Wlliam Gilmore Simms
The Cub of the Panther: A Hunter Legend of the ''Old North State'' >> Chapter Two >> Page 8

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Novel (Romance) | The University of Arkansas Press | 1997
Transcription CHAPTER TWO
"How quick the eye
Of woman to discern the faults in woman,
Which lovers, with love's glamour o'er their eyes,
Exalt to beauties, and are still ensnared
By smilings of the serpent."
IKE BAYNAM BROODED, pipe still in mouth, over the cabin
Mfire. The smoke curled about his brow, but his eyes were half
closed, and he seemed to behold nothing; having suddenly fallen into a
sort of reverie, from which, for a while, no one appeared disposed to
arouse him.
Martha, meanwhile, removed the breakfast things, while her hus-
band, Sam, brought forth and began to clean and load his rifle.
It was an ancient weapon, that rifle, of a very long and now
exploded fashion; but it was very precious in the sight of its owner,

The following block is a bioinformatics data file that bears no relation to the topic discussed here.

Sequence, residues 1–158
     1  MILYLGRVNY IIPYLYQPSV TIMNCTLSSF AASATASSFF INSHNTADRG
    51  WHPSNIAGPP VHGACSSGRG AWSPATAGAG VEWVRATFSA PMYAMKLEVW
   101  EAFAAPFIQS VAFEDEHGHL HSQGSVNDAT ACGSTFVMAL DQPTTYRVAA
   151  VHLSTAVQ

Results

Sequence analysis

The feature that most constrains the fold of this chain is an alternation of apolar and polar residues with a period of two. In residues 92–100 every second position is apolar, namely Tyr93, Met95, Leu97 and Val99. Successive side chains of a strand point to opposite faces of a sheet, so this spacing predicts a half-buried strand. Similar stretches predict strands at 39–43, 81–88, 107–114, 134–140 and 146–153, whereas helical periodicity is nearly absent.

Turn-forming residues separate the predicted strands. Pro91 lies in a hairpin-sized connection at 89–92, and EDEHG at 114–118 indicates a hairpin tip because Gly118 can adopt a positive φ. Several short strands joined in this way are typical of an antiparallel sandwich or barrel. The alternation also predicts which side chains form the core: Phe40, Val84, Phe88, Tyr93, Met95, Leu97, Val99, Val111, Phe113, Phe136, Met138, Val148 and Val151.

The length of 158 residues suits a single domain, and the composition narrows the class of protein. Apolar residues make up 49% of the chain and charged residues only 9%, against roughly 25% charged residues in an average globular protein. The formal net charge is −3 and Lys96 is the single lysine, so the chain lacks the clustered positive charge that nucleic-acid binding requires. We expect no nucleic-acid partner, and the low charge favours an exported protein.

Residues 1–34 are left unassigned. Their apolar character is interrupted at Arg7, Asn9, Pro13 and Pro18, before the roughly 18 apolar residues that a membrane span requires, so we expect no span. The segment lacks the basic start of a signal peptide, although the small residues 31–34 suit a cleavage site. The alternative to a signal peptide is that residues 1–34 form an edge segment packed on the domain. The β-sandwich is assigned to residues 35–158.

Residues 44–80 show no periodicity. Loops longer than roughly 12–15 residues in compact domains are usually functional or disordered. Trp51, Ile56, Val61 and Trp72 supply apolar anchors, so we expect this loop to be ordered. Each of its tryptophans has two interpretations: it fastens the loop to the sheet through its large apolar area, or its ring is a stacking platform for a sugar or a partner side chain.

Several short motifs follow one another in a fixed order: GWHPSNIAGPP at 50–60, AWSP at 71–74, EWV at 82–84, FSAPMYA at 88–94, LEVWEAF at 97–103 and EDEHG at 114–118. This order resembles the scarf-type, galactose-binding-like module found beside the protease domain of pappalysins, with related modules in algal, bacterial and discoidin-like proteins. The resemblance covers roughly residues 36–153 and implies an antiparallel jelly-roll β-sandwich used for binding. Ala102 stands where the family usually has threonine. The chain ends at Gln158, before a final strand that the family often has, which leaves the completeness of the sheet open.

from the good service it had done. The stock, which had been more
than once broken over the head of the bear, had been roughly restored
out of mountain oak, by the hands of Sam himself. Every rifle of these
mountain hunters, you must know, has a name if it has a reputation.
The rude weapon of Sam he called, "The Columbian Orator," and he
was wont to say, that when "she spoke the beasts all trembled, from the
Hog-back to the Tennessee!"
The rifle cleaned and loaded, Sam garbed himself in a ragged,
brown hunting shirt, reaching nearly to his heels, the skirts and capes
of which still showed some remnants of fringe. He then looked to Mike.
But the latter did not look up. It was then that Sam spoke.
"Air you for brushing the woods to-day, Mike Baynam?""Don't feel much like it, Sam," was the answer, made indifferently.